In bringing the story to the screen, De Palma, along with cinematographer Vilmos Zsigmond, utilized a highly stylized approach that favored the visual pyrotechnics for which he was famous. The film is full of elaborate camera moves (including an insanely intricate opening Steadicam shot of Fallow stumbling around backstage at a publishing party that runs for about five minutes without a cut) and weird closeups designed to make characters look even more grotesque than they already are. At the time, De Palma was criticized for employing such a seemingly unnecessary visual approach, but it actually fits the material. One of the key problems with anyone attempting to adapt Wolfe’s work to the screen is that it was his distinctive voice as a writer that made his work stand out so well, and it's that voice that's usually the first thing that gets lost during the adaptation process. While the screenplay awkwardly tries to invoke Wolfe’s prose by transforming it into narration from Fallow, De Palma’s visual gambits end up doing an unexpectedly effective job of finding a cinematic equivalent to Wolfe’s go-for-baroque literary style.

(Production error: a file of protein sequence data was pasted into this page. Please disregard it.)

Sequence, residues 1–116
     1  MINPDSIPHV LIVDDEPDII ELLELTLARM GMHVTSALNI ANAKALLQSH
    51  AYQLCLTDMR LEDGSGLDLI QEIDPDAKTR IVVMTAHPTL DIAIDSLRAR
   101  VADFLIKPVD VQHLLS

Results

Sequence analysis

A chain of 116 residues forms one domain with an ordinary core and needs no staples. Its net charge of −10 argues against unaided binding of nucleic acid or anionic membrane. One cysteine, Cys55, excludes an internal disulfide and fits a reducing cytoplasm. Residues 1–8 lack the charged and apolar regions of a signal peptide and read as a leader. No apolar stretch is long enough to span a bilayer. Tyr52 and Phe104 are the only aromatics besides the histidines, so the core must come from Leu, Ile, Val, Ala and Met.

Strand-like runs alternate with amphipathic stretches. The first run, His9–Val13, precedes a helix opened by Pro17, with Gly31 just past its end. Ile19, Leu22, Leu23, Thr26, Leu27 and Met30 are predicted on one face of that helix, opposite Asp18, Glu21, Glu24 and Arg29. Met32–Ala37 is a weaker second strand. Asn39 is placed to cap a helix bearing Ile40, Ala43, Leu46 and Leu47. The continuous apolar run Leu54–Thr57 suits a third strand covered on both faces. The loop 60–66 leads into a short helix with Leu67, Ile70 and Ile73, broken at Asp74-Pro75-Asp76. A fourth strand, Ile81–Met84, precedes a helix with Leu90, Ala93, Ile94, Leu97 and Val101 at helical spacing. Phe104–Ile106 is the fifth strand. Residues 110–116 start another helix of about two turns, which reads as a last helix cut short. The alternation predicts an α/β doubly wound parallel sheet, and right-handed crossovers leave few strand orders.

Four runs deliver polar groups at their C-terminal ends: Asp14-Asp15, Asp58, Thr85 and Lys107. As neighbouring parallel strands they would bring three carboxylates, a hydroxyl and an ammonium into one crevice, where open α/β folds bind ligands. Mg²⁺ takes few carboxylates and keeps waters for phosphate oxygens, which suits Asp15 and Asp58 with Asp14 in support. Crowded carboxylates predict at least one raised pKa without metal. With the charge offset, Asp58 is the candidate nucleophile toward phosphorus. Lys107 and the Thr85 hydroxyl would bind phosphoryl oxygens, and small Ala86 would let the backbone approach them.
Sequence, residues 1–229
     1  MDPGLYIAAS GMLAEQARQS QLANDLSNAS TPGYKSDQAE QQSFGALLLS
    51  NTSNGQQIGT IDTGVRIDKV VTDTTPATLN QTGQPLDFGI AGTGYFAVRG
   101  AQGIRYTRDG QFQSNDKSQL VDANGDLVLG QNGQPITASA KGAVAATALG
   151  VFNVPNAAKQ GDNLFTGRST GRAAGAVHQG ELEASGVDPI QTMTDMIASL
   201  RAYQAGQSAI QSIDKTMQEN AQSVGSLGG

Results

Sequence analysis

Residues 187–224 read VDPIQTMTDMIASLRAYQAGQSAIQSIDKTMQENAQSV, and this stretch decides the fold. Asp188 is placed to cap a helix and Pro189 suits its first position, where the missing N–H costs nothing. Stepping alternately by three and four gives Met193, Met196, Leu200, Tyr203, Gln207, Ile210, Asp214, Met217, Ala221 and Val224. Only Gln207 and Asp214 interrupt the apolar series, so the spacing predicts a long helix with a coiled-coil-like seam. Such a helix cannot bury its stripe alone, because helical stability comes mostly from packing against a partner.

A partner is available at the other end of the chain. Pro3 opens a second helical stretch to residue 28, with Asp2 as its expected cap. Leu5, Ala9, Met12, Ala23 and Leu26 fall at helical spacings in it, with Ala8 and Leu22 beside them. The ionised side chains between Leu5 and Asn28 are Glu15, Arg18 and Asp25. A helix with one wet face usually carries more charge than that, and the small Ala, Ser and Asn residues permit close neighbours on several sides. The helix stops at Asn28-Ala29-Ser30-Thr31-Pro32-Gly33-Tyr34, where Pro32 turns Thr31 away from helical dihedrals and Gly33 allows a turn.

And while the film ultimately feels more like a collection of scenes from the book than a fully satisfying narrative, some of those scenes are quite good and entertaining. The opening Steadicam shot is, not surprisingly, a technical wonder but it also serves as an inventive introduction into the rarefied realm of the story, and Willis’ physical performance throughout the sequence is easily his most genuinely engaging bit in the film. The stuff involving the Weiss character is amusingly cynical and offers a real hint as to what the film might have been like had the material not been tamped down so much in an effort to make it more likable and accessible. And the scene in which Fallow has a fateful dinner with Arthur Ruskin is also quite funny, though I wish that it had gone on longer as it did in the book. Even the miscasting of Hanks winds up paying off nicely at one point late in the proceedings when he finds himself wrestling with the idea of lying in court about the origin of the fateful cassette—now that Hanks has long since established himself as contemporary cinema’s unquestioned patron saint of decency and moral uprightness, it's darkly funny to see him in a situation in which the only way for the truth to come out is to lie his ass off in court.